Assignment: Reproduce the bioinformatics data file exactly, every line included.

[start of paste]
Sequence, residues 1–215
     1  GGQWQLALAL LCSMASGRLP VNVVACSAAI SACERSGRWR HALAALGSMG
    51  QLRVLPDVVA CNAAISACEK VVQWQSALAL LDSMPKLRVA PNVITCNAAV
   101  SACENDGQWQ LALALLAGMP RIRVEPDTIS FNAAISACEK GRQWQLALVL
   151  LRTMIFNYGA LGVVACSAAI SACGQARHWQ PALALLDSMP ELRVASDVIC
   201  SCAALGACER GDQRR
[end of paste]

Sequence, residues 1–215
     1  GGQWQLALAL LCSMASGRLP VNVVACSAAI SACERSGRWR HALAALGSMG
    51  QLRVLPDVVA CNAAISACEK VVQWQSALAL LDSMPKLRVA PNVITCNAAV
   101  SACENDGQWQ LALALLAGMP RIRVEPDTIS FNAAISACEK GRQWQLALVL
   151  LRTMIFNYGA LGVVACSAAI SACGQARHWQ PALALLDSMP ELRVASDVIC
   201  SCAALGACER GDQRR